Tuesday, January 22, 2008

Comma Chameleon

Lust, Caution: Cineworld, Broad Street, Birmingham, Saturday January 12 2008, 4.40pm.

Just as Paul Schrader's tricksy political thriller The Walker (2007, out as of last week on DVD) begins with a genteel game of cards, Ang Lee's erotically-charged spy story Lust, Caution has a lengthy opening scene featuring a game of Mahjong, an inscrutable pastime which seems to be a kind of combination of Yahtzee and Dungeons and Dragons played with small slabs that resemble white chocolate Bendick's Mingles.

Set in Japanese-occupied Shangai during World War Two, nothing is quite what it seems underneath the civilised veneer of small-talk and drawing-room games. The importer's wife introduced to the gentleman of the house Mr Yee (played by Tony Leung) is a poor player of Mahjong for the reason she's too busy concentrating on keeping up her cover to study the nuances of the game, as the film's flashback structure reveals her to be a young actress hired to seduce the high-ranking collaborator and lead him towards his assassination.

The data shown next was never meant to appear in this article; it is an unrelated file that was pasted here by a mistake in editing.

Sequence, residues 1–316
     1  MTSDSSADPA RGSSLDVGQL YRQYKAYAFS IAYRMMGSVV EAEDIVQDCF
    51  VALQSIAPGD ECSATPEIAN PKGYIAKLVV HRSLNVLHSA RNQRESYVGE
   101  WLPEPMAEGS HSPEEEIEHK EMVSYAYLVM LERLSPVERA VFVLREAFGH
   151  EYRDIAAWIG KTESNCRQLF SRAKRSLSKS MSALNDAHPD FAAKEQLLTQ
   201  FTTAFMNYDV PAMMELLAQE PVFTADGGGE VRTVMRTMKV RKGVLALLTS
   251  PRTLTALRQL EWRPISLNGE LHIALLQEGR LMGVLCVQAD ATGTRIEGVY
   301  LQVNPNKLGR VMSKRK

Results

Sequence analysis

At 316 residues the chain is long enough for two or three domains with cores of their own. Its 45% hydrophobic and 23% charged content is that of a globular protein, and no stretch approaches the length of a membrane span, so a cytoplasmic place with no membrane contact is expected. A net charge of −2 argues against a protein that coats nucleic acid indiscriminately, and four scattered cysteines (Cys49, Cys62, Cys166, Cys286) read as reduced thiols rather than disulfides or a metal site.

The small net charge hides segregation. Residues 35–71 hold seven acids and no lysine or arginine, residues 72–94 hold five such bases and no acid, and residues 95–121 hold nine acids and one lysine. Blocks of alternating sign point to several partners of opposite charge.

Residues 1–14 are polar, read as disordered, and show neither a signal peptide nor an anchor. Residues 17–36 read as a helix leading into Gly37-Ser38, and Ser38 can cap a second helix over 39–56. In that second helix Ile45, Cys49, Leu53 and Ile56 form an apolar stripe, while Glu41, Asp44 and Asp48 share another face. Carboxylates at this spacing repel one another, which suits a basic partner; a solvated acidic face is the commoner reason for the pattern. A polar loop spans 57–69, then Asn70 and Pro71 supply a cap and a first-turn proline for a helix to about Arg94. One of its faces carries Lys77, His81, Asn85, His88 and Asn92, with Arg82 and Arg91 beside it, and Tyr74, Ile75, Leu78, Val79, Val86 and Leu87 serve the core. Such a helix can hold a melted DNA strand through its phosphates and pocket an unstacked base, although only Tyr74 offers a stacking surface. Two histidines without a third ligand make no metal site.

Mr Yee, however, is an understandably cautious man, and there's plenty of human chess moves, not to mention betrayal and bloodshed, before the film's well-publicised explicit sex scenes explode upon the screen. The result is a slow-burning pot-boiler with plenty to reward the patient viewer, not least the two lead performances. Relative unknown Tang Wei is bewitching both as the radical student and troubled spy lost in lust with her smouldering prey, while Tony Leung impressively conveys the brooding passion beneath his character's buttoned-up exterior with a quiet, dignified subtlety that helps raise the material above mere melodrama.

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